STATEMENT by Mr. Alexander Lomaia
Minister of Education and Science
17 November 2005
Mr. President, Distinguished Delegates, Ladies and
On behalf of President Mikheil
Saakashvili and the Government of Georgia let me extend our
deep gratitude to the people and the Government of Tunisia,
and to the International Telecommunication Union for an
outstanding organization of this universally important
The objectives of the World Summit on the
Information Society are to build a people-centered
Information Society; to put the potential of knowledge and
ICTs at the service of development; to promote the use of
information for the achievement of UN Millennium Development
The Tunis phase offers a unique
opportunity to evaluate progress made by the participating
nations as well as by international organizations, private
sector, and civil society towards the goals declared.
Just to emphasize how important the
telecommunication sector development has been for my
country, Georgia, I would like to present some statistics.
The number of Internet users has grown from 100,000 in 2003
to more than 200,000 this year. The number of mobile phone
users has doubled since 2003, exceeding the number of
1,000,000, which, in fact, makes wireless network available
to every fourth citizen of my country.
The new Government of Georgia has
effectively liberalized the regulation of the
telecommunication sector. One needs no license any more to
start telecommunication business in Georgia, all he/she
needs to do is to get authorized with the National
Communication Commission. The deregulation approach has
immediately paid back as investments in the sector doubled
in the course of the last year.
One of the priority tasks for the
Georgian Government is to increase the quality of education
in general schools by modernizing the outdated curriculum
content, through web-based cooperative learning projects,
overcoming unequal access to educational services, and
enhancing the schools as ICT based community centers.
This year, with the help of our Estonian
colleagues we have launched an ambitious school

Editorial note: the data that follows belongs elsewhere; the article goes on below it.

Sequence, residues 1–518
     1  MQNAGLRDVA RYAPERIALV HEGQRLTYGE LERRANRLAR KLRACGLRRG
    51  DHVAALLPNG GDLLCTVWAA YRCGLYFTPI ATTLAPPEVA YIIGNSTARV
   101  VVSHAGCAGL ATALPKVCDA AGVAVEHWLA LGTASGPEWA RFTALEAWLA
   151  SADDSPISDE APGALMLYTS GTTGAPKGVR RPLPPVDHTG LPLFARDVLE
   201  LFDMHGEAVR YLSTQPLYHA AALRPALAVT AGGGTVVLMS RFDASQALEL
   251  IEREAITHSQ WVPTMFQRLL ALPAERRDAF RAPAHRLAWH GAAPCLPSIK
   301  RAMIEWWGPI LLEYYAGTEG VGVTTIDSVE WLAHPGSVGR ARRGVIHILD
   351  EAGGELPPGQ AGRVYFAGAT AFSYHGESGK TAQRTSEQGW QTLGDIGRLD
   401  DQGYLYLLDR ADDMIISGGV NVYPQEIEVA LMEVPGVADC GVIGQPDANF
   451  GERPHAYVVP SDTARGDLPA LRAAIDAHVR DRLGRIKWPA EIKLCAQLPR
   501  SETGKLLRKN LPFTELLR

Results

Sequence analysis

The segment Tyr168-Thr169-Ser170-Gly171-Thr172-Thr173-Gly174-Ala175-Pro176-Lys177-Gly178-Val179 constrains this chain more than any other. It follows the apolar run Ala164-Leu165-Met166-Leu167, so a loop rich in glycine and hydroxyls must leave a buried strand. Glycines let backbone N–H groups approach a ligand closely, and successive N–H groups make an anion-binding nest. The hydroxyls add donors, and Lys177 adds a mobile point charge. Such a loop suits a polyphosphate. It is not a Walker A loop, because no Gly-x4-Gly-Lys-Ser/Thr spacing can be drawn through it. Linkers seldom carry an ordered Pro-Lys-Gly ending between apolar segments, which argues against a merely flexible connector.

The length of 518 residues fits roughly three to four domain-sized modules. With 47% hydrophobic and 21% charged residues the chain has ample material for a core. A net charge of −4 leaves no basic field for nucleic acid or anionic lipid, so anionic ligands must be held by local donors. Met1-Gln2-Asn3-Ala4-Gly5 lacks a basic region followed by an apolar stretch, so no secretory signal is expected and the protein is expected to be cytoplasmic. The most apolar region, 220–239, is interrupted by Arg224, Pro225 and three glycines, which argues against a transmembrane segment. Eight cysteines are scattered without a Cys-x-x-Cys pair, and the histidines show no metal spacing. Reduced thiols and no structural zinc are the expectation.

computerization project which is conceived as a
modernization initiative that will substantially reflect on
economic and societal rejuvenation of Georgia. The Deer Leap
project mainly aims at (a) increasing the student-computer
ratio from the current 200 to 1 to 30 to 1, and (b) linking
every school to the Internet by the year of 2009. The
Government of Georgia has already made its strong commitment
to the project by starting to aggressively invest in the
project; however we would obviously need to match the state
funds with outside sources to meet the targets.
Democratic and economic reforms in my
country have been endangered by unfriendly politics carried
out by our northern neighbor, which is being actively
involved in supporting militarily, politically and
financially the self-proclaimed regions of Abkhazia and
South Ossetia where an ethnic cleansing of Georgian
population has been carried out. Energetic and timely
international efforts are needed to put an end to the
attempts to annex these territories, thus brutally breaching
the very basics of international law.
Georgia, with its unique ancient culture,
and an educated society, does have the potential to
participate in the formation of the Information Society on a
full-scale basis. National endeavors to build an inclusive
Information Society in each country however should be
complemented by effective international efforts. Special
attention in this respect, along with developing countries,
has to be drawn to the economies in transition.
Reflecting on the issue of the Internet
governance that is being actively debated, we wanted to
underscore the importance of inadmissibility of governmental
or intergovernmental restrictiveness on the international
flow of information over the Internet. As Prof. Eli Noam put
it in his yesterday article in the Financial Times, "any new
international system of Internet governance, should be
conditional on a clear declaration of freedom for the global
flow of all Internet content".
The attainment of our common global
objective to build the Information Society, to a
considerable extent, will depend on establishing an
effective assistance mechanism that will help to assure the
smooth and full inclusion of our citizens.
Needless to say, we look with hope to the
international community which has a key role to play in this
I thank you, Mr. President.